Lawson's Pass is a 16, 2 km long 4x4 route over the Gamkaberg and is located about 35 km south-east of Calitzdorp in the Little Karoo. It lies within the boundaries of the Gamkaberg Nature Reserve and offers exceptional mountain and valley views, coupled with a true eco-experience and a good chance of spotting game. The route is only open to 4x4 vehicles with adequate ground clearance and it is rated Grade 2. With most of the steeper sections being concreted, there aren't really any traction issues. Although there are several out and back and extenstion options in the reserve, we describe this route as a one way pass starting in the north and ending in the south. To make use of this option, it's necessary to make special arrangements with the manager, as the south gate is locked and keys must be obtained.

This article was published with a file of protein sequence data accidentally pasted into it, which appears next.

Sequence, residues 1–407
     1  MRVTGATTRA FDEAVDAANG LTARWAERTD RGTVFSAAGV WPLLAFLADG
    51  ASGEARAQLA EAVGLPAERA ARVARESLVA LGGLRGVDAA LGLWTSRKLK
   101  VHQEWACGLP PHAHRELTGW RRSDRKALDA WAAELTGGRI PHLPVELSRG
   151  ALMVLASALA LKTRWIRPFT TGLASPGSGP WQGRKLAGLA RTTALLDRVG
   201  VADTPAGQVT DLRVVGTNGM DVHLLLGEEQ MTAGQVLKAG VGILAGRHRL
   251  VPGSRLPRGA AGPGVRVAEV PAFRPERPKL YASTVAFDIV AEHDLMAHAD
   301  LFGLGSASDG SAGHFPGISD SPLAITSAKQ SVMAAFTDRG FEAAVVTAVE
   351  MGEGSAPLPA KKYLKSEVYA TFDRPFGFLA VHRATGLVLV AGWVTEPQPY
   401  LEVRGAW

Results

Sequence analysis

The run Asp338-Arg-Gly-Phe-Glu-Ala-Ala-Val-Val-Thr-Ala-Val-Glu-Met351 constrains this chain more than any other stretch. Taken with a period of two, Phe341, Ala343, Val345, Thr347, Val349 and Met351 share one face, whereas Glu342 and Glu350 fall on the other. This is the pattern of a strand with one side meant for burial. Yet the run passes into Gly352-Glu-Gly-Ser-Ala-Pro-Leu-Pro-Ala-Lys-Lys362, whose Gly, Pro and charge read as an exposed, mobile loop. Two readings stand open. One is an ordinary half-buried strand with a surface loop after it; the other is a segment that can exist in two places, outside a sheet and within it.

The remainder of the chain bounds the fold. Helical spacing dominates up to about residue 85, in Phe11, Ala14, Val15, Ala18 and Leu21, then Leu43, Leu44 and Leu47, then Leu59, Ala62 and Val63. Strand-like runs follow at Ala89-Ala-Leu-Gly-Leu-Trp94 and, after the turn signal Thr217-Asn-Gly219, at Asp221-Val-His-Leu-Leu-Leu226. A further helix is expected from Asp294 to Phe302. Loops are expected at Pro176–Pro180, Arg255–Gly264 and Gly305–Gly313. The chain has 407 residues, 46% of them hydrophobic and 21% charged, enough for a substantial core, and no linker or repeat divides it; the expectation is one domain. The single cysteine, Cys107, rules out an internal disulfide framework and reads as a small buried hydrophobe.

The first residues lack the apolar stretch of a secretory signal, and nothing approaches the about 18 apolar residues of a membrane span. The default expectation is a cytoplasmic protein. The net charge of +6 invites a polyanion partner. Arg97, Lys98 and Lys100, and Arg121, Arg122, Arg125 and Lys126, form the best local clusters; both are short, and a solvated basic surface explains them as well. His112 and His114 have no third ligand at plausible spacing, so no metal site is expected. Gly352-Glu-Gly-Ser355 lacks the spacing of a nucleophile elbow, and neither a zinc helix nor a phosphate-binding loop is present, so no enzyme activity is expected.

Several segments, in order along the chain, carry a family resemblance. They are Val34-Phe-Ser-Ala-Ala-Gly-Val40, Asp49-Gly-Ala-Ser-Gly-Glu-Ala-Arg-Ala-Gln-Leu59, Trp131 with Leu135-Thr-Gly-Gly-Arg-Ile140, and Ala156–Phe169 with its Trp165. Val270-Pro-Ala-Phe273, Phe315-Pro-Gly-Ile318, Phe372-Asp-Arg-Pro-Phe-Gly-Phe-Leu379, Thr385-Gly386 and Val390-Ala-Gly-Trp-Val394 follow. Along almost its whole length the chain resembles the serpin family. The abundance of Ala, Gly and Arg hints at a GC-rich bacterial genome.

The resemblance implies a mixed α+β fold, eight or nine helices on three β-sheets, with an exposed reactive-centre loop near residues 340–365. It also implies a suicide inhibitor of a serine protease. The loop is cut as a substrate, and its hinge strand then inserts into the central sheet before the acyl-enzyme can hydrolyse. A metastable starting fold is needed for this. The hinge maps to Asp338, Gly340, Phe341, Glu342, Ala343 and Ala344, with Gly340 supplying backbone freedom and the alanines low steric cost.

This 4,27 km long tarred pass is a northern extension of the fabulous Robinson Pass and sweeps through the Brakpoort about 18 km south-west of Oudtshoorn. The road descends 144 vertical metres, producing an average gradient of 1:30 with the steepest section presenting at 1:14. There is one dangerous corner of 90 degrees where some negative cross-flow has seen several vehicles departing the road for the much rougher ground of the ravine on the right. On the sharpest part of this corner, solid concrete crash barriers have been created and judging by the many metal scrapes and paint marks on the concrete, it has already served its purpose in saving lives.
Sephton’s Nek appears to have been named after Thomas Sephton, a British immigrant that arrived in the Zeerust district in 1860. He worked as a prospector and after finding some traces of gold, was partly responsible for starting a sudden rush on what was to become the Malmani Goldfields, today called Ottoshoop. The pass is situated on the tarred R47 route between Zeerust and Kopfontein, which is the primary border post used by most South Africans when travelling by car to Gaborone, the capital of Botswana. Also located along this road is Madikwe, one of the largest game parks in South Africa.